In this video we discuss the four aims of life and the tantric path of liberation. What is the purpose of life? How should we spend our time and energy? In Hinduism it is said that there are four aims of life which are to be righteous, joyous, accumulate wealth, and to achieve liberation. The ultimate goal of life is liberation from ego, karma, and maya and the realization of self as being one with god.

However, for the householder, one who lives in the world and has not renounced it, liberation must be achieved while fulfilling our social and bodily needs. For the householder liberation is achieved and supported by the pursuit of all four aims of life. This method of achieving liberation while embracing the material world and living in it is at the heart of the tantric tradition.

This approach to liberation and self-realization is one of balance. Every experience is embraced and in the alchemical fires of ones being transmuted into ultimate liberation. This is a very different approach to spirituality than one sees in most religious traditions.

Most traditions and people have a tendency to separate material and spiritual aims. Many choose a path of material pursuits or spiritual achievement but view these two aims as being mutually exclusive. To be rich is to be crass, ruthless, and a stranger to god. To be spiritually enlightened is to be secluded from worldly activity and impoverished.

This dialectic can be seen in both eastern and western cultures. However, it is fundamentally a dualistic way of thinking, and therefore misses the mark of embodying true nonduality. The material world is not fundamentally different from the spiritual world. Both exist on a spectrum of being. Both exist on a spectrum of frequency and density of vibrating intelligent energy. Therefore, spiritual mastery cannot exclude the material but must embrace and include it.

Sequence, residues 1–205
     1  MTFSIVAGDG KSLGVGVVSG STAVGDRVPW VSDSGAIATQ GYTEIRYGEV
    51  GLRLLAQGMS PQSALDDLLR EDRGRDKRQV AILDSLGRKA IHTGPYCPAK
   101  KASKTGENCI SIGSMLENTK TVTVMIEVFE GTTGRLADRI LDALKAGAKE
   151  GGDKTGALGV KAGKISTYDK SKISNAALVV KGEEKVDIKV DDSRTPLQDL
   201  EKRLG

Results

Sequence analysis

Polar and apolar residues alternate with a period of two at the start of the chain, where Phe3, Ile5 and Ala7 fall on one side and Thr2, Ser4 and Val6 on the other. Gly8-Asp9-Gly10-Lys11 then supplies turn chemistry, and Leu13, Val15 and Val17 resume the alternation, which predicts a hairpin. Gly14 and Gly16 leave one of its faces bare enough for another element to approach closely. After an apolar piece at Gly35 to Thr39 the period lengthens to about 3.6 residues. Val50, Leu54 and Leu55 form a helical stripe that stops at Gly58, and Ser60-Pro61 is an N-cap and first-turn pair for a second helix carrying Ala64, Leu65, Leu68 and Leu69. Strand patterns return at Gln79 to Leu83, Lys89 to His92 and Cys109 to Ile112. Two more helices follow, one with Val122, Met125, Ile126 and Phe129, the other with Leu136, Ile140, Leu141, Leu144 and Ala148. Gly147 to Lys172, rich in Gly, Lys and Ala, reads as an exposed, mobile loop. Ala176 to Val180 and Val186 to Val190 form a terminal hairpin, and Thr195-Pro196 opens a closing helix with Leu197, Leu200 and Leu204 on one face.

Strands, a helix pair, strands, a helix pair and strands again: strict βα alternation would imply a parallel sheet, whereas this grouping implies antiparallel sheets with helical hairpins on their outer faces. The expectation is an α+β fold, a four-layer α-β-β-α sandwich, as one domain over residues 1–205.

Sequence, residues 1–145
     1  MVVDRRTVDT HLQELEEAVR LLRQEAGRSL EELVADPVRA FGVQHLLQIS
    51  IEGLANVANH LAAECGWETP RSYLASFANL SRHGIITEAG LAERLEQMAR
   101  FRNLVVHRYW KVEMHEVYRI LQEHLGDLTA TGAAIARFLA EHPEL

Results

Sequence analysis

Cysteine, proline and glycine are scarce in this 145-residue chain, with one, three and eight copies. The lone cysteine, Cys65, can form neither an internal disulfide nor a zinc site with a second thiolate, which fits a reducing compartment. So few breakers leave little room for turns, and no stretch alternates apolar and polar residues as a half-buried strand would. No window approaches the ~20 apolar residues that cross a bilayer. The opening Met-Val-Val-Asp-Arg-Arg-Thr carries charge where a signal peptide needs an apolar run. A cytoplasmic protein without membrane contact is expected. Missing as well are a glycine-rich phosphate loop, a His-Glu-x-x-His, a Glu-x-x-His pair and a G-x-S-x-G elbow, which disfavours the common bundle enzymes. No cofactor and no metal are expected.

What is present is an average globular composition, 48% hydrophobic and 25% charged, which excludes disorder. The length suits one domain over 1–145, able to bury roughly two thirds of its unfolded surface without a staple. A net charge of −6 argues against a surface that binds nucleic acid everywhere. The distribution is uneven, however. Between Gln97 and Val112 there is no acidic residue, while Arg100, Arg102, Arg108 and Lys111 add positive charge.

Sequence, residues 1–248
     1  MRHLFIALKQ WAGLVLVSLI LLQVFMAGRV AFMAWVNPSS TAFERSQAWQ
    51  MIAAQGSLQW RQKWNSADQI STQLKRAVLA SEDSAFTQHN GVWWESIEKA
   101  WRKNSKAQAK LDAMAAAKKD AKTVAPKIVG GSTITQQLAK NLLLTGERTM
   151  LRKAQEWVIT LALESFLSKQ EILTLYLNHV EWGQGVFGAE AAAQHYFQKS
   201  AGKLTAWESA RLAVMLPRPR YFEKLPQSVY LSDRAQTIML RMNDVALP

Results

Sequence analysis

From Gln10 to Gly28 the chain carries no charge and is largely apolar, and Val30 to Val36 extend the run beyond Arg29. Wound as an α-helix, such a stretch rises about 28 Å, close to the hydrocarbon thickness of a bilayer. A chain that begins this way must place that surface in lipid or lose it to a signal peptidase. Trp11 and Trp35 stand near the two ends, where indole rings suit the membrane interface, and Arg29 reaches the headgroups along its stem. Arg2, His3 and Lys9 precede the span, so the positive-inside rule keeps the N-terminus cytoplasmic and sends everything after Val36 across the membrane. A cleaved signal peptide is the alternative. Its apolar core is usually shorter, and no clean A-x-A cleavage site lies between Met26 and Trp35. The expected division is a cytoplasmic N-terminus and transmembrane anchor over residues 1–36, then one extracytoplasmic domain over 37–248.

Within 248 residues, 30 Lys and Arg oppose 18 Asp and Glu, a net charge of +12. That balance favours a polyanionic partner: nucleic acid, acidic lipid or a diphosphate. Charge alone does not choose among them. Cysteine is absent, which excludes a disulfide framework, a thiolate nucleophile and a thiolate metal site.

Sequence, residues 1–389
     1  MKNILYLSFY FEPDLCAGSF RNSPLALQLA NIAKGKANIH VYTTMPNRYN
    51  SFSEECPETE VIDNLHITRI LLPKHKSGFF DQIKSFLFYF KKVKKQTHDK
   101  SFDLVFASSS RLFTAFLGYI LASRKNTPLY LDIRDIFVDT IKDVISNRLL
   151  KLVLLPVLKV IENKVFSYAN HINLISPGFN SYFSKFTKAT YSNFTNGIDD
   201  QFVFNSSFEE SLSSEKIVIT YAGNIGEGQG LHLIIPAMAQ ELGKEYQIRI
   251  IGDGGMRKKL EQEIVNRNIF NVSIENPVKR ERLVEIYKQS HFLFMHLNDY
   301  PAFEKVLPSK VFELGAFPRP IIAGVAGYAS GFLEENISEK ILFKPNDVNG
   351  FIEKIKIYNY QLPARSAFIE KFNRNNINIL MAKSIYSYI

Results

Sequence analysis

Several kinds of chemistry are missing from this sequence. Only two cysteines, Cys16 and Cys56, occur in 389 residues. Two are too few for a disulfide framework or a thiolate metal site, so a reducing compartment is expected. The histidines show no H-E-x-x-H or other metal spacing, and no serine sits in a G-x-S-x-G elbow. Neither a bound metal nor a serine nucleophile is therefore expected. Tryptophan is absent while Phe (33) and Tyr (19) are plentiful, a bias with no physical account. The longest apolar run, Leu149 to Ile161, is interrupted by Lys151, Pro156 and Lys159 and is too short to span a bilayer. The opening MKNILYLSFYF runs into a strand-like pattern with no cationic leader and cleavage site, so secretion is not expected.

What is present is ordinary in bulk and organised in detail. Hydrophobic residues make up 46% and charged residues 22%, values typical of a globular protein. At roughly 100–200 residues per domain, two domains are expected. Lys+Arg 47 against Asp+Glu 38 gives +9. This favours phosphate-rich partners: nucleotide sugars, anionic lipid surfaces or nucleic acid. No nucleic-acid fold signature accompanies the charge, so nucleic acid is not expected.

In the Law of One they teach that every lived experience can be elevated to the sacramental, and that all experience should be used as grist for the mill of one’s spiritual evolution. This tantric approach to spirituality embraces all experience and seeks to elevate it and use it for ones liberation and self-realization.


To be righteous is to fulfill one’s dharma. Dharma concerns ones duty and actions taken in the world. We are all born into a web of relationships and life circumstances. We all have different gifts, abilities, and passions. To fulfill one’s dharma is to live and act with integrity, fulfilling ones duty to others while expressing ones gifts, abilities, and passions in service to the good of the whole. We are all born with a debt to life by virtue of the gift of these precious human births and bodies. Repay that debt to life by fulfilling your dharma and serving the good of the whole in the way only you can.


The second aim of life is kama, which is translated as love, desire and pleasure. Pleasure is a legitimate aim of life. Living a life that is joyous is part of what it means to skillfully live a spiritual life. Many who seek liberation fall into the trap of suppressing their own natural desire for love, pleasure, and joy.